University of Denver: Discovery may cut risk for dyslexia
As is the case with many toddlers, Michael Thieme’s early spoken language was quirky. He called his older brother William “Illiam,” for example. “He couldn’t get his W’s out,” his mother, Annette Thieme, said. Unlike most, Michael had speech problems that persisted into kindergarten, putting him at risk for the reading difficulty known as dyslexia. Michael’s parents didn’t stop at speech therapy. They also enrolled both sons in a five-year study at the University of Denver to uncover why early speech and language problems so often lead to dyslexia. The study, which just ended, showed a genetic link between early speech problems and later dyslexia. Both problems showed up in the same genetic regions, said DU psychologist Bruce Pennington.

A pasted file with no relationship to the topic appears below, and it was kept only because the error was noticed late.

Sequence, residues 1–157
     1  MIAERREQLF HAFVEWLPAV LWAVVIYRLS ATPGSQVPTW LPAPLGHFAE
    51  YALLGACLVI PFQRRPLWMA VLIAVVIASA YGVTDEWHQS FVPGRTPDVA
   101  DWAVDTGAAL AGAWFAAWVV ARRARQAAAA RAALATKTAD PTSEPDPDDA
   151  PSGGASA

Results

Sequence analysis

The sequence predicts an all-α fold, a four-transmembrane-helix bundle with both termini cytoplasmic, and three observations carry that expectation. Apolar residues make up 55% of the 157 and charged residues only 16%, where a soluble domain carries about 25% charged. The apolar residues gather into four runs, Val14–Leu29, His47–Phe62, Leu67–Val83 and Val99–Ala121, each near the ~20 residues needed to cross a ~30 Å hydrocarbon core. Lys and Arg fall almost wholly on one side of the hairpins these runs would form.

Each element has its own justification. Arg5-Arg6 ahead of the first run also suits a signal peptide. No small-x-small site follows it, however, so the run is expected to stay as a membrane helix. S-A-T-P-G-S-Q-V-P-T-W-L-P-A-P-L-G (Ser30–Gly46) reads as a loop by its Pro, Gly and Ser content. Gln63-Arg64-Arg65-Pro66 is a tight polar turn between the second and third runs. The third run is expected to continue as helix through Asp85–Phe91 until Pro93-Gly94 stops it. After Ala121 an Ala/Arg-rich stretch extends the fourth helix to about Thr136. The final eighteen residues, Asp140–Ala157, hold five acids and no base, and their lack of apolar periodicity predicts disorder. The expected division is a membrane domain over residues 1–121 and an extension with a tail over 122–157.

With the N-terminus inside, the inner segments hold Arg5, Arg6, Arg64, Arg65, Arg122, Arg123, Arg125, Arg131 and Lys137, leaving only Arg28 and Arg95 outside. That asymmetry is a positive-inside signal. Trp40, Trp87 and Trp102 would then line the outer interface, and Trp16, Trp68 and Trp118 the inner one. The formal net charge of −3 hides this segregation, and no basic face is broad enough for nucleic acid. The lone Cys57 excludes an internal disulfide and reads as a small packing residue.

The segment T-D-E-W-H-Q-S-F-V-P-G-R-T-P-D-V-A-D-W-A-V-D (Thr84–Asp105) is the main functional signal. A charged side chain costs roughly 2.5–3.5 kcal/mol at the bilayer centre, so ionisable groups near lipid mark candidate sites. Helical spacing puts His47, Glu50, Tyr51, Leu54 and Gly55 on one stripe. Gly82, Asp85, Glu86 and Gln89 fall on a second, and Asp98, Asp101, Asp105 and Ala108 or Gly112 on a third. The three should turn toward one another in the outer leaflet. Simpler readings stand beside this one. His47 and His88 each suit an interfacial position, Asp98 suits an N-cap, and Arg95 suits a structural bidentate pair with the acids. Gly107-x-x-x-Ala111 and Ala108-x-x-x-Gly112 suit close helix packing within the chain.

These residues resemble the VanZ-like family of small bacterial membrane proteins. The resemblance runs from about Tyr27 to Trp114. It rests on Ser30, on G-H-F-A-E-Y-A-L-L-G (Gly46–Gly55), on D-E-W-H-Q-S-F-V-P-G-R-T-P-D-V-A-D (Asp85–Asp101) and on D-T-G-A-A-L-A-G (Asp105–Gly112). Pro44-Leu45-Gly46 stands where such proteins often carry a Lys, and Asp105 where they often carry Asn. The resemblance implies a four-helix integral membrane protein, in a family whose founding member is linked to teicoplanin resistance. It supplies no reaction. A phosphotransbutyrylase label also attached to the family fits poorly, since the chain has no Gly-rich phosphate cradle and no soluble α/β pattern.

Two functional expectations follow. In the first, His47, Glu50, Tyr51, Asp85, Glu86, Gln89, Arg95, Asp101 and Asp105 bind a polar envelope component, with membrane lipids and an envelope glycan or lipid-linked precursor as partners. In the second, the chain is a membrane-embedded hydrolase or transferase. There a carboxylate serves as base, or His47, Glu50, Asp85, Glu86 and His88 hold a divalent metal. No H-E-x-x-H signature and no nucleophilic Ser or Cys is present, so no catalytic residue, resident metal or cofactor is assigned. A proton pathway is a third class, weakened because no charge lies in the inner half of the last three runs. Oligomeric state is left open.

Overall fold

He presented results Wednesday at the International Dyslexia Association’s annual meeting in Denver. The discovery could lead to earlier intervention for kids at risk of reading disorders, to a better understanding of the brain structures underlying speech, language and reading, and, eventually, to drugs that help correct problems, Pennington said. “Not too long ago, people said complex disorders were all in your mind, or in your experience,” he said. “Now we’re finding they’re like a lot of medical diseases – heart disease, diabetes. Genes change anatomy and affect disease.” Annette Thieme suspects it was her genes that affected her son’s early speech. “I’m sure it came from me,” Thieme said, as her sons, now 9 and 11, demonstrated the gamelike tests researchers challenged them with during the past several years. Pulling on headsets to listen to recorded directions, Michael and William quickly became engrossed in a task involving remembering odd new names given to tiny plastic animals. A giraffe became “said,” for example, William explained. In kindergarten, Annette Thieme struggled with speech, she said, in much the same way Michael did. Both mother and son outgrew their speech and language problems, and neither has dyslexia, a reading disorder in which people have difficulty recognizing or deciphering printed words. But about one in three toddlers who have speech and language problems do develop dyslexia, Pennington’s team found. Researchers and educators want to learn how to pick out those vulnerable children early, to get them extra help, he said. Pennington and other researchers cautioned that there are no true “reading genes.” Reading is a cultural invention only a few thousand years old, too young for evolution to have shaped genes to control it, said Robert Dougherty, a Stanford University biologist. Instead, reading relies on brain structures developed for other purposes, from visual to communicative, he said. So perhaps it’s not surprising that Pennington and other scientists are finding not one gene but many associated with speech, language and reading problems. Shelley Smith, a geneticist at University of Nebraska Medical Center, ran tests on the families Pennington studied. She found that early speech problems corresponded to regions of at least three chromosomes – 1, 6 and 15, all also involved in dyslexia. Psychologists, geneticists and anatomists are finally unveiling the connections among genes, brains and language that lead to strong or poor readers, she said. “This is such an exciting time,” she said. “It’s finally all coming together.”